Kingdoms of the Night (The Far Kingdoms)

BOOK: Kingdoms of the Night (The Far Kingdoms)
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KINGDOMS OF THE NIGHT
 
The Far Kingdoms Series, Vol. 3
 

Allan Cole and Chris Bunch

THE FAR KINGDOMS SERIES
 

The Far Kingdoms

The Warrior’s Tale

Kingdoms of the Night

The Warrior Returns

COPYRIGHT
 

Copyright © 1996 by Allan Cole and Chris Bunch.

All rights reserved.

CONTENTS
 

THE FAR KINGDOMS SAGA: A PREFACE
.
6

BOOK I
8

CHAPTER ONE
.
9

CHAPTER TWO
..
27

CHAPTER THREE
.
43

CHAPTER FOUR
..
58

CHAPTER FIVE
.
66

CHAPTER SIX
..
81

BOOK II
97

CHAPTER SEVEN
..
98

CHAPTER EIGHT
.
113

CHAPTER NINE
.
129

CHAPTER TEN
..
141

CHAPTER ELEVEN
..
157

CHAPTER TWELVE
.
178

CHAPTER THIRTEEN
..
196

CHAPTER FOURTEEN
..
205

CHAPTER FIFTEEN
..
226

CHAPTER SIXTEEN
..
240

CHAPTER SEVENTEEN
..
252

CHAPTER EIGHTEEN
..
264

CHAPTER NINETEEN
..
280

BOOK III
289

CHAPTER TWENTY
..
290

CHAPTER TWENTY-ONE
.
299

CHAPTER TWENTY TWO
..
308

ABOUT THE AUTHORS
.
312

 

 

DEDICATION
 

for

Kathryn who sustained us..

and, as always

Li’l Karen

THE FAR KINGDOMS SAGA: A PREFACE
 
ALLAN COLE
 

When my late partner, Chris Bunch, and I finished the final book in the eight-novel
Sten
series, the last thought on our minds was to write a fantasy novel. We were hard science fiction guys — space ships with AM2-powered chain guns — escaping an attacking flotilla into hyperspace.

We both grew up on Buck Rogers Saturday matine serials, Ray Bradbury, Robert Heinlein and Isaac Asimov. Other than a sneaking fondness for Conan The Barbarian, we generally avoided swords and sorcery and certainly fairy princesses and unicorns.

So how is it that Team Bunch & Cole ended up writing not one fantasy novel, but four?

It was like this: our editors at Ballantine/Del Rey Books were putting the serious arm on us to come up with a fantasy series. We said not a chance, and ducked and dodged like John Carter fleeing a pride of banth across the desolate plains of Barsoom.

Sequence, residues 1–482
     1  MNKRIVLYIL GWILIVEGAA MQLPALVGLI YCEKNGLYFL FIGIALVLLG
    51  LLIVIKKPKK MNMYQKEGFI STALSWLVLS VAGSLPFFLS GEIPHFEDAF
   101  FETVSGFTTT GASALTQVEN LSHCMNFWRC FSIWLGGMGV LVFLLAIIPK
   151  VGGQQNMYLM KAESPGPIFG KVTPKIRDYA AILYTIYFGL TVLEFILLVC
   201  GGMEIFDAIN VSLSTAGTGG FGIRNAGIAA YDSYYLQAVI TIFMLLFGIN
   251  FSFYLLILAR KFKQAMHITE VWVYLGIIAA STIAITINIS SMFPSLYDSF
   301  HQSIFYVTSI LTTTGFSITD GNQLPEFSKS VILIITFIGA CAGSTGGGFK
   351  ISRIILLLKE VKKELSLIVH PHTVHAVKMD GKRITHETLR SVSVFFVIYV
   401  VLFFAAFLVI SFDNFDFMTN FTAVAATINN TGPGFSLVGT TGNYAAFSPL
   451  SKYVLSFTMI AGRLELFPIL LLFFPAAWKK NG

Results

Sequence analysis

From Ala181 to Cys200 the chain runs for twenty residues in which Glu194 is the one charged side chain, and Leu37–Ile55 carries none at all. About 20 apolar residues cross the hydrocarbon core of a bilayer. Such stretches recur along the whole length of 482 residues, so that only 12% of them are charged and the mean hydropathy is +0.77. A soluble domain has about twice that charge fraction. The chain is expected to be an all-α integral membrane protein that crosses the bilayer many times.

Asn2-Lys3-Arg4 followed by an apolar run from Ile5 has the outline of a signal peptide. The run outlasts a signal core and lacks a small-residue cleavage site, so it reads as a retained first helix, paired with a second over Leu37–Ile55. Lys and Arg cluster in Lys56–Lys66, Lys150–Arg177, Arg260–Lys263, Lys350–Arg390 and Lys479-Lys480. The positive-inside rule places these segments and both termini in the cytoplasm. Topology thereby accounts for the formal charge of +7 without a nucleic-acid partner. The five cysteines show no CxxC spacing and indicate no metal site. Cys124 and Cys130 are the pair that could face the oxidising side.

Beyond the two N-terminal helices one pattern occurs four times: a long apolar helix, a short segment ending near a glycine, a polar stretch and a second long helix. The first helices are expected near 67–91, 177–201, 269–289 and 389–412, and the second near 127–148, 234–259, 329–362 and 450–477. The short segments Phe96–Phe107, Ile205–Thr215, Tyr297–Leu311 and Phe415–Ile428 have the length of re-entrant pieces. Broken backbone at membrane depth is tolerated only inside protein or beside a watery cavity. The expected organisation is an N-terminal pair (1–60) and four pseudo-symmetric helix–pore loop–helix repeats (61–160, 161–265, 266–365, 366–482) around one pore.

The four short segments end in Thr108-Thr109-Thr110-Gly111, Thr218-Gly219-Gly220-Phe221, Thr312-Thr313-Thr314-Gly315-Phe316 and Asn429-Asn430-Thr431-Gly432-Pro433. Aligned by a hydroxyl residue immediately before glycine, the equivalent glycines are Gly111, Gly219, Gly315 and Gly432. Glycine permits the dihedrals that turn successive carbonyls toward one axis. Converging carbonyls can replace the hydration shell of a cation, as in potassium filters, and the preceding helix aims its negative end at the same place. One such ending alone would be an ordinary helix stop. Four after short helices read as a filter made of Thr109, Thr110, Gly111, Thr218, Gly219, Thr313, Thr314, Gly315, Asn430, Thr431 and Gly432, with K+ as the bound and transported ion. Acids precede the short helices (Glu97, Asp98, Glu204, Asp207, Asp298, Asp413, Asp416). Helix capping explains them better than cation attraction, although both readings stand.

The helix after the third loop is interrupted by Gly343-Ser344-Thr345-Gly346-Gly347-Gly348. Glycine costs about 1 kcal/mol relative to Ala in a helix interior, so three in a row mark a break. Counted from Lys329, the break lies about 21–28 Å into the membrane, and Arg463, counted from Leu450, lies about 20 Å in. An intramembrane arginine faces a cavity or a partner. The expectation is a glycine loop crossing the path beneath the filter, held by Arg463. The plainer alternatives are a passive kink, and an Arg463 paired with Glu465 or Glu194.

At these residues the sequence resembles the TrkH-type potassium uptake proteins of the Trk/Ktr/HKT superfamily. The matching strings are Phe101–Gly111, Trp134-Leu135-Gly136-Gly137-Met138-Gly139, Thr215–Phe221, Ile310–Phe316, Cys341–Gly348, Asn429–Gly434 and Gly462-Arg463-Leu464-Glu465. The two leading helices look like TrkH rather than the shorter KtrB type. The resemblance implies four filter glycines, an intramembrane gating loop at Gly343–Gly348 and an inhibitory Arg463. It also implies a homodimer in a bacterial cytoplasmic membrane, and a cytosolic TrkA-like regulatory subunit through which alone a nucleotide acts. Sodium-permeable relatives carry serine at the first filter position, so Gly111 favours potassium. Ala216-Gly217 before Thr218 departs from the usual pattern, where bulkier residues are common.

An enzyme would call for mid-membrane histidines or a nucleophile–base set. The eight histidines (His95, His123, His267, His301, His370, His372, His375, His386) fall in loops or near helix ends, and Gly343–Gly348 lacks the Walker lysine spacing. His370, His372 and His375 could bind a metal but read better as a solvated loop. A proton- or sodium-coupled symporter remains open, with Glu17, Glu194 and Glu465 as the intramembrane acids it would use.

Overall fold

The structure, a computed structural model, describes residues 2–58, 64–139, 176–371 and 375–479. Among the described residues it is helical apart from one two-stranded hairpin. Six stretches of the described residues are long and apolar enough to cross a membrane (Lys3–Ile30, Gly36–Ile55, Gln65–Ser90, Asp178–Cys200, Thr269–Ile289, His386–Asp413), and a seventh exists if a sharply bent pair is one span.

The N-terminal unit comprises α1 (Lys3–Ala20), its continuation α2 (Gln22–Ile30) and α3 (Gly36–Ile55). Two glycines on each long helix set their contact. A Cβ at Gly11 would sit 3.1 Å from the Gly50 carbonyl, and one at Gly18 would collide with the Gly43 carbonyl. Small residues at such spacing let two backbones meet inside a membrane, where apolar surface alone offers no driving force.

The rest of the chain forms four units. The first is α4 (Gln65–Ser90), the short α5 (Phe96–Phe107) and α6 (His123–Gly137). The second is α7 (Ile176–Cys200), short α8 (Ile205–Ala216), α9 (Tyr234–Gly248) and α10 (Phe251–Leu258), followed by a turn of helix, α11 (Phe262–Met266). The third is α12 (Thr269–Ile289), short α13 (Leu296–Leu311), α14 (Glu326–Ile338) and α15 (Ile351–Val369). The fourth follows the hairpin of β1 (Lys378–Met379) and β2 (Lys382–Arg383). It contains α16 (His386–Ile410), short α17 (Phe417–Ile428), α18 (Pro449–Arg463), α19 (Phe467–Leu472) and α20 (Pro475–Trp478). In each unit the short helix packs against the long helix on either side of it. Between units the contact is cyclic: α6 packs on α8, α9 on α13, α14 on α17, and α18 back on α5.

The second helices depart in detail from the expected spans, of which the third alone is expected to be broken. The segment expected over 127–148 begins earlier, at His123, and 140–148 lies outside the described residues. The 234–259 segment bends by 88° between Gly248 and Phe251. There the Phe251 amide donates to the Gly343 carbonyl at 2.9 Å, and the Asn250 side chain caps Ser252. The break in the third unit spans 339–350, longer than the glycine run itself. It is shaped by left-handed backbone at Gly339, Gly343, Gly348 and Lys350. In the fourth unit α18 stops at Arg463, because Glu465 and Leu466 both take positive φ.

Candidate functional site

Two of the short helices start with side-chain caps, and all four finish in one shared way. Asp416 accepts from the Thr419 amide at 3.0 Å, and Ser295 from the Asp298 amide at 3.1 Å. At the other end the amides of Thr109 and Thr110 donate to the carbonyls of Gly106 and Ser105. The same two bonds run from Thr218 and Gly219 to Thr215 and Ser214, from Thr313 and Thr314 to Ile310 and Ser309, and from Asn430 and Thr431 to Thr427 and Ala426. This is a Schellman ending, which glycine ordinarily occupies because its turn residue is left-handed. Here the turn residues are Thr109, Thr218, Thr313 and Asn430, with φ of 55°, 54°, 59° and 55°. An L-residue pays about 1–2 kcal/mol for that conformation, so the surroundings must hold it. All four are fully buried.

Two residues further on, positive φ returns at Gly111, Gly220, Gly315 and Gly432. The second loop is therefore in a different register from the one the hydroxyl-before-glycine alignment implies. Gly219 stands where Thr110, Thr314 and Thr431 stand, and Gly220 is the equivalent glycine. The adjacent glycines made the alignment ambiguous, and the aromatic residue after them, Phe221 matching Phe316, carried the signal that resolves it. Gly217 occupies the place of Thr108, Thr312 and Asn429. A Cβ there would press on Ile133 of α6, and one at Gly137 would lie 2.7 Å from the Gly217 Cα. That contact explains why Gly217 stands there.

In his usual diplomatic manner, Chris told them, “No way am I writing about fucking elves and Tinkerbell fairies and unicorns and shit.”

I wholeheartedly agreed — and that, it would seem would be that. Besides, we had just sold a trilogy of historical novels under the main title of “The Wars Of The Shannons,” to Ballantine Books and were happily boning up on black powder weapons and colonial-era bayonet tactics.

But they kept the pressure up. Fantasy was hot, they said, and we ought to follow up our success with Sten into the fantasy field. In short, they were as persistent as clotting Alex Kilgour intent on boring Sten’s ears off with a shaggy dog story.

We sighed and shuddered and finally said, okay maybe we’ll think about it. And they burst through that chink in our armor like a depleted uranium round through wormy cheese and before we knew it we were on a strict deadline to come up with something ”pretty damned quick” so we could make the fall schedule.

As it happened, I was relaxing after work reading up on the great explorers and expeditions of old. I became particularly interested in Sir Richard Burton — not the 20
th
Century actor and husband of Elizabeth Taylor, but the 19
th
Century explorer genius who found the source of the Nile, entered the forbidden city of Mecca in disguise, spoke 29 languages, was a master with gun and sword and, in his spare time, translated
The Arabian Nights
and the
Kama Sutra.
(Check out his Wikipedia entry at: http://tinyurl.com/3e765h)

I was telling Chris about the guy, when all of sudden he got this funny look on his face. “Shit!” he said. And he dragged out a bottle of single malt from his desk, poured us both a hefty shot and added, “That’s it, Cole. That’s our fantasy. Hell, there’s enough meat in there for a whole bloody series of the suckers.”

I was dubious. Chris pressed on. “We’ll pattern our hero after Burton. Set the whole thing in a world we invent. An historical novel, but it’ll be a history we make up. Instead of the source of the Nile, we’ll have some legendary far off place, where the streets are paved with gold and such.”

I nodded. “The Far Kingdoms,” I said. Not only understanding his notion but accidentally naming the series.